Wednesday, July 30, 2008

Face Swapping to protect privacy

FaceswapperFound these cool images and good article about how Google is working on protecting privacy in the StreetView and also keeping their projects "live"


After finding itself in hot water with privacy advocates, Google has
begun obscuring the faces of people in its Street View service, which
lets users of Google Maps zoom in to view street level images. But the
images look decidedly odd, with whole streets peopled by blurred faces.










It
needn't be this way, says Neeraj Kumar of Columbia University, New
York. Kumar and his colleagues have developed software that gives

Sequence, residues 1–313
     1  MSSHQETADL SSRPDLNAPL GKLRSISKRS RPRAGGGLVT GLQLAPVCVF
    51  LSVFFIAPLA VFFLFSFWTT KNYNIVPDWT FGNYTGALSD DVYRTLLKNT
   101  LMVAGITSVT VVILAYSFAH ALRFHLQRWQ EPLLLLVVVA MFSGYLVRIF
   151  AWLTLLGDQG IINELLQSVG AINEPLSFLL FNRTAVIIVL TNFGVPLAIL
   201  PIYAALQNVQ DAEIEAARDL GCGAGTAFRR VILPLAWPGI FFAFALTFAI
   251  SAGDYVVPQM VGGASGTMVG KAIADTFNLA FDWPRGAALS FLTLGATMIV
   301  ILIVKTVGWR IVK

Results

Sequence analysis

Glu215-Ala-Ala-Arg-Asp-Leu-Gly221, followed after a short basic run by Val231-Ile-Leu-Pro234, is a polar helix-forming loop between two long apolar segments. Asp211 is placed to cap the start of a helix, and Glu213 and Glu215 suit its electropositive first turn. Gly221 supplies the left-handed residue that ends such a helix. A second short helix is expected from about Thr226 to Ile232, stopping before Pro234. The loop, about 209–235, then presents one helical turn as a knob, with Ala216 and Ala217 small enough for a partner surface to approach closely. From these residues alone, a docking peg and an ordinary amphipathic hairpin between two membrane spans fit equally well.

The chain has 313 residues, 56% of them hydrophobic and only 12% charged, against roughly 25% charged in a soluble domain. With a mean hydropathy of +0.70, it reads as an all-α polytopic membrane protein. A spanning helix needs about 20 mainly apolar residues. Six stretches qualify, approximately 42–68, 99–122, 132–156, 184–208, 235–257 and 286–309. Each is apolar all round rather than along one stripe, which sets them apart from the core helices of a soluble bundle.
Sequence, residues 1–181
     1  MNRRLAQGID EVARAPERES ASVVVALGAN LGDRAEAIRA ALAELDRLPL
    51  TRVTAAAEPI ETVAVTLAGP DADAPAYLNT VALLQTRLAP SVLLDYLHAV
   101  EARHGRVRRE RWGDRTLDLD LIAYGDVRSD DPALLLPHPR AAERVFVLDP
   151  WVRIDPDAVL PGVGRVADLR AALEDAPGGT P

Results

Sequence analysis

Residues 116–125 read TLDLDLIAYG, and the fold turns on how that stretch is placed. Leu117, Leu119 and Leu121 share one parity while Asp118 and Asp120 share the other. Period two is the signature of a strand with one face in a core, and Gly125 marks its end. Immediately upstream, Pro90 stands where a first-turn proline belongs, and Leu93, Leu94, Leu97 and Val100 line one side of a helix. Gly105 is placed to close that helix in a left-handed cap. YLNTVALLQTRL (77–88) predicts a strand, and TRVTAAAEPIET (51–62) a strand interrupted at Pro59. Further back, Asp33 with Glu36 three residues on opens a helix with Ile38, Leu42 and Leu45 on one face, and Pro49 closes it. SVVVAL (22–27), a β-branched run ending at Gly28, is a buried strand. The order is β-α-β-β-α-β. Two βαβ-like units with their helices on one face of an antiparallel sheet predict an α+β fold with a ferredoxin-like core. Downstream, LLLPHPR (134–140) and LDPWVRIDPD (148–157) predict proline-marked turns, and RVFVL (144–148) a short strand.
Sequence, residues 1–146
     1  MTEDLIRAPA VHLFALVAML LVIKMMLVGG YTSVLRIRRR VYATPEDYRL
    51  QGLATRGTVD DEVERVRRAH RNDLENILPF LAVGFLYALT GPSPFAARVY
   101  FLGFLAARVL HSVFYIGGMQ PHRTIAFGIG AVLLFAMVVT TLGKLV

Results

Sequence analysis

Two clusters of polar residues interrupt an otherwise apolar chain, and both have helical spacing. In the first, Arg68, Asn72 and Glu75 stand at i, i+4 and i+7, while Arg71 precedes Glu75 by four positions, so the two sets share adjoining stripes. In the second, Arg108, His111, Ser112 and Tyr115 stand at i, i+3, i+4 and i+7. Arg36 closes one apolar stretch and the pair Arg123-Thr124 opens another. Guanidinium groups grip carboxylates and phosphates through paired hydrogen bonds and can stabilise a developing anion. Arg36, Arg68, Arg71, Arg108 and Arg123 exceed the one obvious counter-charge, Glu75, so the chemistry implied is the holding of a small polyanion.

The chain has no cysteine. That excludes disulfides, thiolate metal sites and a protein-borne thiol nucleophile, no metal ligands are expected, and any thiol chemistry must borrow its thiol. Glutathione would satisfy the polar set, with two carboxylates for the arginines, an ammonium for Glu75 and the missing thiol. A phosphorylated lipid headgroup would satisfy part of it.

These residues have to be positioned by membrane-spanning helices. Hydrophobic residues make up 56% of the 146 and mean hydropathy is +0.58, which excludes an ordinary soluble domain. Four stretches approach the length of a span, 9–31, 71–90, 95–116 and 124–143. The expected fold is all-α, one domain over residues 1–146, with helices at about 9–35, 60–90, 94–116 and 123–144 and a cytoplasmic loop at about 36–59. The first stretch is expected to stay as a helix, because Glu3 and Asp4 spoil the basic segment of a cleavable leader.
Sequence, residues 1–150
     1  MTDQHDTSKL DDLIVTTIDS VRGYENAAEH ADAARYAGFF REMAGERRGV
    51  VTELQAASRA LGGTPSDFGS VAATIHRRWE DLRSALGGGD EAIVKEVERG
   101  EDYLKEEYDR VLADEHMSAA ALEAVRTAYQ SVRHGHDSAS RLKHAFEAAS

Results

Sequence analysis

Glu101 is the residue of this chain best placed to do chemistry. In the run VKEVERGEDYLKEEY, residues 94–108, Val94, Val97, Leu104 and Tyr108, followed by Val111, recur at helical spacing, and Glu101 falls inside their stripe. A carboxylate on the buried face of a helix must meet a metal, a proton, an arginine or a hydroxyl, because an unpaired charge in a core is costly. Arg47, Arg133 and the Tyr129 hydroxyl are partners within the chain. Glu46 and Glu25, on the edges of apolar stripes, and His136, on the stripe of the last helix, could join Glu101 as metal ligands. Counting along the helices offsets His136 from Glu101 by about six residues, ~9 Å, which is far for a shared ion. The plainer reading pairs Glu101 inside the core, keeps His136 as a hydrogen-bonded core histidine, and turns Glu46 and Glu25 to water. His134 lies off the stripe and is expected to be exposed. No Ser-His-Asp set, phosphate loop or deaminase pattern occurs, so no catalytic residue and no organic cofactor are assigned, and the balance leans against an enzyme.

everyone a face - just not their own. The software randomly selects
33,000 photos of faces from picture-sharing sites like Flickr.com, then
picks the most suitable faces for each person in shot. Only the eyes,
nose and mouth are used, resulting in a composite image of the two
people. "It matches subject pose, lighting conditions and image
resolution," says Kumar. "The selected faces are aligned to common 3D
coordinates, corrected for colour and lighting, and blended into the
target image."










The end result is a convincing face rather than a blur, although the team's images (pdf link here)
can be spooky, especially when people get features from the opposite
sex. What's more, the software works automatically. "Previous face
replacement software required manual assistance, much like editing an
image in Photoshop," says Kumar.


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